This review is designed by Professor Changyang Gong and written by his PhD student Shiyao Zhou. At the beginning, they elaborated the mechanism of CRISPR/Cas9 system. CRISPR/Cas9 system consists of Cas9 protein and single stranded directing RNA (sgRNA). In the presence of protospacer adjacent motif (PAM), sgRNA accurately leads the Cas9 endonuclease to the target regions, where it causes DNA double strand breaks (DSBs), resulting in site‐specific genomic change. Endogenous DNA repair can take place following the creation of a DSB via two primary genome editing pathways: nonhomologous end joining (NHEJ) or homology‐directed repair (HDR).

By using the biological characteristics of Cas9 targeting specific DNA sequences under the guidance of sgRNA, scientists have further developed gene targeting activation and gene targeting inhibition tools based on dCas9, called CRISPRa and CRISPRi respectively.

Next, characteristics of three forms of CRISPR/Cas9 cargos are outlined. Three delivery forms of the CRISPR/Cas9 system are plasmids, mRNA/sgRNA, and ribonucleoprotein (RNP) complexes, each of which has its own advantages and disadvantages. Nevertheless, regardless of the payload form, it is challenging for CRISPR/Cas9 to penetrate target cells. Therefore, developing an effective nanotechnology strategy for CRISPR/Cas9 delivery is essential.

Then, nanotechnology‐based delivery techniques for these three categories to treat cancer are then comprehensively summarized. Though viral vectors are the most commonly used delivery vectors for the CRISPR/Cas9 system, their applications have been limited due to drawbacks such as limited packaging capacity, high immunogenicity, and lack of tissue targeting. Nanocarriers, concluding cationic lipid‐based nanoparticles, cationic polymer/polypeptide‐based nanoparticles, inorganic nanomaterials, DNA nanostructures, gold‐based nanoparticles and exosomes or extracellular vesicles, are currently hopeful delivery methods for CRISPR/Cas9 systems.

Taking cationic lipid-based non-viral vectors as an example, cationic lipid vectors can load the CRISPR/Cas9 system via electrostatic interactions. In addition, the targeting of vectors can be enhanced by ligand modification or structural modification to promote cellular uptake and improve delivery efficiency. Triggered by specific intracellular environments or extracellular signals, responsive nanocarriers can also achieve specific release of CRISPR/Cas9 for spatiotemporally controllable gene editing. These nanotechnology-based smart delivery systems significantly improve the tumor therapeutic capabilities of CRISPR/Cas9 system and remarkably reduce its off-target effects.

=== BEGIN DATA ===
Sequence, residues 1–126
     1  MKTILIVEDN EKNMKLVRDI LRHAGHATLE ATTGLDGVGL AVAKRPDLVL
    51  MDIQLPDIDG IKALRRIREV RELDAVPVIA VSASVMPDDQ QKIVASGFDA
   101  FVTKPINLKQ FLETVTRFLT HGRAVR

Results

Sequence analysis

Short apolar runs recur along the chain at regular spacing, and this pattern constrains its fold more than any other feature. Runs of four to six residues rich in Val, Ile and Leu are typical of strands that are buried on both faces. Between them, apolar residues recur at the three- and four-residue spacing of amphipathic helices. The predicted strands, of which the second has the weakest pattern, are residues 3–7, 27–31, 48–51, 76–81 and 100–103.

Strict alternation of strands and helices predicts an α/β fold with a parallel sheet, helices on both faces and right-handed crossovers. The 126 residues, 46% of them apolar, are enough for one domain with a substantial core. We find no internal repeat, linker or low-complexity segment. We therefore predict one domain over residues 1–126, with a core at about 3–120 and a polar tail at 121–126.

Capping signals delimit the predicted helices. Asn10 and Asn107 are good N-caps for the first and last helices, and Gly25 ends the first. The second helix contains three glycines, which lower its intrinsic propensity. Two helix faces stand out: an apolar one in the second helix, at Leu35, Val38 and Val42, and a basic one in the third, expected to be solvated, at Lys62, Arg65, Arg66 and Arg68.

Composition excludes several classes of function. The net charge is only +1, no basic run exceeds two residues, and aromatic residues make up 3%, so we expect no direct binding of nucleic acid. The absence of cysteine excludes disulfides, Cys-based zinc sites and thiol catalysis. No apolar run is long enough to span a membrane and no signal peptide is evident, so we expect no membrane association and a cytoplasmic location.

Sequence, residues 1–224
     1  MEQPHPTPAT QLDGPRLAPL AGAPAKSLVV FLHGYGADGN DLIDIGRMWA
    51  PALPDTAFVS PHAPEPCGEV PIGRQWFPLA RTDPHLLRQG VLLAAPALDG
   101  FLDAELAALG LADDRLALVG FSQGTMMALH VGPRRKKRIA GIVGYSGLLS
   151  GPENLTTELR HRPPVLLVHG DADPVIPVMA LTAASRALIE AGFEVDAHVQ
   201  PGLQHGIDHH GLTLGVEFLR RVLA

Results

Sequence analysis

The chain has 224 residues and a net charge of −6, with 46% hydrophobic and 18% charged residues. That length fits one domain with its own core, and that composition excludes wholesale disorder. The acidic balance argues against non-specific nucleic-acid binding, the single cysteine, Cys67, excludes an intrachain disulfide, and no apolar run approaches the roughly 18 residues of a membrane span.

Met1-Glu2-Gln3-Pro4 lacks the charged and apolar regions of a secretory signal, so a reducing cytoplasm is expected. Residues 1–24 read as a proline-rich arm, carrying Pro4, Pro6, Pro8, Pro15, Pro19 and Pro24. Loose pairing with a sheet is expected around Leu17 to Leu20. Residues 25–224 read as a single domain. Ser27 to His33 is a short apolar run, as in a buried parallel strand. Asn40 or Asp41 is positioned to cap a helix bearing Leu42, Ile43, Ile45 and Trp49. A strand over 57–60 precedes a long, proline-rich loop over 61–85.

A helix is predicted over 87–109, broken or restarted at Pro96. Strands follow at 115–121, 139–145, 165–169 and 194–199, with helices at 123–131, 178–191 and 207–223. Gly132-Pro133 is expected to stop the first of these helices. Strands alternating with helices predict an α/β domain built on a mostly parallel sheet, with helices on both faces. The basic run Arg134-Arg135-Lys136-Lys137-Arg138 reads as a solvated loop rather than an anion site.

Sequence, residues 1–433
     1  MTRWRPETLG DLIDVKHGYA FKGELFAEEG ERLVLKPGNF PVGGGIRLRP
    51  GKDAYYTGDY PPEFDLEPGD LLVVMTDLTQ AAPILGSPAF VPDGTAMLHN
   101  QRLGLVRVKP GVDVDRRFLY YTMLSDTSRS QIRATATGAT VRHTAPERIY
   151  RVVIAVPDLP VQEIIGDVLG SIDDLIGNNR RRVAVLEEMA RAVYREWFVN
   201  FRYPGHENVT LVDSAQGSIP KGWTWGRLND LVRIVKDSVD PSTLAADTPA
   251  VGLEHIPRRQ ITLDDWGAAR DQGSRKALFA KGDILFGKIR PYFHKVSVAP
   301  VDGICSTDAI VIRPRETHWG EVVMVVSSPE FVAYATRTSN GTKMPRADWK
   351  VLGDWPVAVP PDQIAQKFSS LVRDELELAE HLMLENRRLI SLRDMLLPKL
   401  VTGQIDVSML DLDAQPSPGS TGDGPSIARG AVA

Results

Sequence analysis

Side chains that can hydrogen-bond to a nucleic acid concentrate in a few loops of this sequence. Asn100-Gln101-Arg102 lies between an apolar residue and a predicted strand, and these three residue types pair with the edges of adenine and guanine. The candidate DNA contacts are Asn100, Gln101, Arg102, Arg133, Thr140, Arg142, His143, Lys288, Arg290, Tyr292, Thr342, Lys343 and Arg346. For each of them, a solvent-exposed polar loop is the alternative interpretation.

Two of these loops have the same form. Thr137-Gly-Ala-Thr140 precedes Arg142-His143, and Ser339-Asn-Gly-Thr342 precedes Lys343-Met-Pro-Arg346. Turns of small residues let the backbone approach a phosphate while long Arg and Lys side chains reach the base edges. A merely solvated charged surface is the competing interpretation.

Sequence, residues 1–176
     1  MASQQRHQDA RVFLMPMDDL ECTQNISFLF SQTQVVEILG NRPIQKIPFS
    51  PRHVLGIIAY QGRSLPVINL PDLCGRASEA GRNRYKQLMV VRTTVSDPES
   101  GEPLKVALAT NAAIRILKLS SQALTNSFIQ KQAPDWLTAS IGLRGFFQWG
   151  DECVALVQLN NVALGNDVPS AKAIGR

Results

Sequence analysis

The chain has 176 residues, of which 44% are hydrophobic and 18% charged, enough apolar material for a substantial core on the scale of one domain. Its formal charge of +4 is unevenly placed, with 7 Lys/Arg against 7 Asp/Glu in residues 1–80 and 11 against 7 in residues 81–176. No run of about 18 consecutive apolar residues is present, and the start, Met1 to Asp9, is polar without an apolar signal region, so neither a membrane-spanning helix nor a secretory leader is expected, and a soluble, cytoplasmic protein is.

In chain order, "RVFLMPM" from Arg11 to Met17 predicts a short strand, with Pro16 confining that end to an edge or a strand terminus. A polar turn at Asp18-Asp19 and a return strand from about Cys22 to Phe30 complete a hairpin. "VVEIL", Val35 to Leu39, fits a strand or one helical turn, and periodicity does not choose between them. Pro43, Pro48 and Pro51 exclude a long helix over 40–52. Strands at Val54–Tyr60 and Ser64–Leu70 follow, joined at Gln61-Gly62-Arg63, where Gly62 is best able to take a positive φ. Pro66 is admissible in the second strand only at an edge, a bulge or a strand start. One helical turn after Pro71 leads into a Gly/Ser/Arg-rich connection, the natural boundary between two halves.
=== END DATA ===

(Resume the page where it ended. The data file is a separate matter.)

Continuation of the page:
In the end, they also provided novel insights regarding future directions of research in the nanotechnology‐based CRISPR/Cas9 system delivery. Gene editing using CRISPR/Cas9 nanotechnology is a new dawn in the field of cancer therapy. The continuous optimization and improvement of CRISPR/Cas9 delivery non-viral vectors show its great potential for research and application in the field of oncology therapy. Nonetheless, the majority of the research is still in its early phases. In addition, CRISPR/Cas9 has many unresolved issues at the molecular level. In conclusion, personalized targeted therapy based on CRISPR/Cas9 may be the future of tumor therapy and bring new hope for tumor treatment.

Xu X, Liu C, Wang Y, Koivisto O, Zhou J, Shu Y, Zhang H.
Nanotechnology-based delivery of CRISPR/Cas9 for cancer treatment.
Adv Drug Deliv Rev. 2021 Sep;176:113891. doi: 10.1016/j.addr.2021.113891